I’d like to take a moment to speak to all the students who have just in the last month or so graduated from High School, and who are now preparing to join the workforce or go to university. I’d like to share with you a piece of advice I wish I’d received. Something that took me years to realize independently. It’s about writing. It’s about how to write well and not sound like a jackass; and I never figured it out until I went back and read some of the things I’d written in the past. It’s something that will require a lot of you to forget what you learned in High School: forget the five paragraph format, the hook-thesis-preview opener, the summative conclusion, all of it. It may seem intimidating at first, and so in this small piece I will spend the majority of my time explaining why this is in fact easier for you than everything you’ve learned, and I will attempt to convince you that writing in this way will not only make it easier to write, but will improve people’s reactions to what you’ve written. So what is this suggestion?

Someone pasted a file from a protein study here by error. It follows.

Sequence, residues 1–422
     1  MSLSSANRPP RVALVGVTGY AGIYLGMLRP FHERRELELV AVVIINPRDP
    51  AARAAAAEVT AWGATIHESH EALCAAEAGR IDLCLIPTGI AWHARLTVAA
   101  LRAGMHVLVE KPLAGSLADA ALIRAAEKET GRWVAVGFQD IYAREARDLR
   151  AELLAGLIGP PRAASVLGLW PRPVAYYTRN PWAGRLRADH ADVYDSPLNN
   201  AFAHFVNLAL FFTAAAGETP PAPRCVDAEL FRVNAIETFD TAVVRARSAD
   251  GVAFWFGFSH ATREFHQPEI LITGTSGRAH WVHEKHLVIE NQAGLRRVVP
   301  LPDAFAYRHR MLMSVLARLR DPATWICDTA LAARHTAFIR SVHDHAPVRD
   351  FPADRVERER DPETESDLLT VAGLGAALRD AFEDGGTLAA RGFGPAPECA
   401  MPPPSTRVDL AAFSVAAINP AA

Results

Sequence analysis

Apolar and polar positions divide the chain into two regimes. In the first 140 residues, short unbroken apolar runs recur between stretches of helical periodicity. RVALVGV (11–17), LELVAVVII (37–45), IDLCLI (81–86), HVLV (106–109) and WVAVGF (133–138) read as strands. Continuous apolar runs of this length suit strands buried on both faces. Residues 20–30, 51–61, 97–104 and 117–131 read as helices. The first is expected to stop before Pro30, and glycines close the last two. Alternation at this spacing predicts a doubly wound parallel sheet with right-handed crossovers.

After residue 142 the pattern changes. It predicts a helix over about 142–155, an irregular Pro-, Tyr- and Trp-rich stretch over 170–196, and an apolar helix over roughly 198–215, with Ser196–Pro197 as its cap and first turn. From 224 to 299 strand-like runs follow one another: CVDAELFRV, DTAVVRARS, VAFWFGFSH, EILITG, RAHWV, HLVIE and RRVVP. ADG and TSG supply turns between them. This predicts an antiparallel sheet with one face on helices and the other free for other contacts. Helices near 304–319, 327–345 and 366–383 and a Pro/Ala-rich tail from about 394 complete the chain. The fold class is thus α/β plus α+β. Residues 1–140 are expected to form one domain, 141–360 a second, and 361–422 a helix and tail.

Write like a person.

Is This Really Permanent?

Ars Technica has an article out about preserving technology. Read it if you haven’t already. It’s not long, and the topic is important.

Read it? Okay, good.